In one of my “Overcome Your Fear of Public Speaking” classes, an attendee asked me why so many speakers come across as smug. I hadn’t really thought about this so I opened the discussion up to the rest of the class and was shocked by what I heard – many speakers come across as condescending, arrogant, cocky and yes, smug.
I listened to stories about people that call themselves corporate trainers taking the attitude that they were not only the smartest person in the room, but the only intelligent person in the room. Anyone that asked for clarification simply “didn’t get it.” Others shared tales of speakers confidently contradicting themselves or speakers arguing with audience members that questioned them.
I don’t know what motivates a speaker to act that way (and I certainly hope that I don’t act that way when I speak to groups), but I do see it from time to time. I’ve written a number of posts regarding bad advice on public speaking and it’s amazing how confidently someone will say “you only have five seconds to catch your audience’s attention” – it’s almost like they actually believe it.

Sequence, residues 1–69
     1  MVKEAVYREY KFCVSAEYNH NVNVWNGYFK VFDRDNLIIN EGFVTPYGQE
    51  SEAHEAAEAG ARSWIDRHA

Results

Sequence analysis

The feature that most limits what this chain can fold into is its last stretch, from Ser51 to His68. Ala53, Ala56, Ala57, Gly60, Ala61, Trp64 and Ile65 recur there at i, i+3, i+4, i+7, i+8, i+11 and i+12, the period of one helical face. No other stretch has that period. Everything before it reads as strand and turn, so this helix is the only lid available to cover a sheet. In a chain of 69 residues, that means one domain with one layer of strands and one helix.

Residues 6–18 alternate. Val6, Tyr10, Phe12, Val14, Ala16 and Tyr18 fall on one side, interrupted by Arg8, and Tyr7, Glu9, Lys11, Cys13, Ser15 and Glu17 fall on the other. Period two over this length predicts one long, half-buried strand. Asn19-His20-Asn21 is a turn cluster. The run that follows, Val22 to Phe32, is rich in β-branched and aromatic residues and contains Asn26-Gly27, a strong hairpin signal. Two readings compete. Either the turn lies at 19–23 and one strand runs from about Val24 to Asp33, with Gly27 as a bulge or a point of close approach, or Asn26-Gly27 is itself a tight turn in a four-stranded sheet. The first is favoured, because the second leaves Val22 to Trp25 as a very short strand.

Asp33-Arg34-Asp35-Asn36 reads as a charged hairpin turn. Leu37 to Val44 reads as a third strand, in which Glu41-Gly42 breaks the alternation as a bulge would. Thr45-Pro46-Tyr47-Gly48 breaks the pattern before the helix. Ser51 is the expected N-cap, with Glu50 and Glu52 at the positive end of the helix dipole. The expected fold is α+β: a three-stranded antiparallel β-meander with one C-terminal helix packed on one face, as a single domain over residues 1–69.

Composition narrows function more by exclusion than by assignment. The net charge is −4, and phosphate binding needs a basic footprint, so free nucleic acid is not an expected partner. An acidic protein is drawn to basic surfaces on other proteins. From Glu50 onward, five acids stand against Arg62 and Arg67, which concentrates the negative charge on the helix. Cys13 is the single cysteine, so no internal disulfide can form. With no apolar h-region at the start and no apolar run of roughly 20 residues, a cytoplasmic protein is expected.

My advice is to simply be nice to your audience and treat them with respect. Yes, as a speaker, you’re supposed to be the expert, but that doesn’t mean everyone else in the room is stupid. Audience members can be very sensitive and if you don’t treat them with respect, you’ll most certainly lose them within five seconds.
It boils down to the Golden Rule – treat others the way you want to be treated. Even if you are the most knowledgeable expert in your field, others may have different perspectives, experiences or ideas that can enhance the experience for everyone in the room. Remember, it’s about the audience.Share